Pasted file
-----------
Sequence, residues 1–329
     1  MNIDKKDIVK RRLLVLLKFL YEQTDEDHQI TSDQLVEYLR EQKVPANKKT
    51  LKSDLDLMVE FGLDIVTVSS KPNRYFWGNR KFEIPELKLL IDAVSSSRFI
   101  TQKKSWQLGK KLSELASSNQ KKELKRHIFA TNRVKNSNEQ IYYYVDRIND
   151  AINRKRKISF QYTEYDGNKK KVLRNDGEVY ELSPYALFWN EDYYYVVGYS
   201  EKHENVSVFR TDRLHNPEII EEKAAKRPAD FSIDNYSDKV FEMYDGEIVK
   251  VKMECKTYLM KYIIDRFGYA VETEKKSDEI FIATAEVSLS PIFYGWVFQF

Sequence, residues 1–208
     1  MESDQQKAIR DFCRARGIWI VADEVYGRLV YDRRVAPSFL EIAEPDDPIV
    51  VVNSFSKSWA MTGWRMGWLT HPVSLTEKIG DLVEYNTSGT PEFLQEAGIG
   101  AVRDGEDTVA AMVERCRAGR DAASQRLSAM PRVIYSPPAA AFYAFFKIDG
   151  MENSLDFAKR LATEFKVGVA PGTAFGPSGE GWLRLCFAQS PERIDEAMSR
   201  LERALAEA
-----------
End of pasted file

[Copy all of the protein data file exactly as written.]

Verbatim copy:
Sequence, residues 1–329
     1  MNIDKKDIVK RRLLVLLKFL YEQTDEDHQI TSDQLVEYLR EQKVPANKKT
    51  LKSDLDLMVE FGLDIVTVSS KPNRYFWGNR KFEIPELKLL IDAVSSSRFI
   101  TQKKSWQLGK KLSELASSNQ KKELKRHIFA TNRVKNSNEQ IYYYVDRIND
   151  AINRKRKISF QYTEYDGNKK KVLRNDGEVY ELSPYALFWN EDYYYVVGYS
   201  EKHENVSVFR TDRLHNPEII EEKAAKRPAD FSIDNYSDKV FEMYDGEIVK
   251  VKMECKTYLM KYIIDRFGYA VETEKKSDEI FIATAEVSLS PIFYGWVFQF

Sequence, residues 1–208
     1  MESDQQKAIR DFCRARGIWI VADEVYGRLV YDRRVAPSFL EIAEPDDPIV
    51  VVNSFSKSWA MTGWRMGWLT HPVSLTEKIG DLVEYNTSGT PEFLQEAGIG
   101  AVRDGEDTVA AMVERCRAGR DAASQRLSAM PRVIYSPPAA AFYAFFKIDG
   151  MENSLDFAKR LATEFKVGVA PGTAFGPSGE GWLRLCFAQS PERIDEAMSR
   201  LERALAEA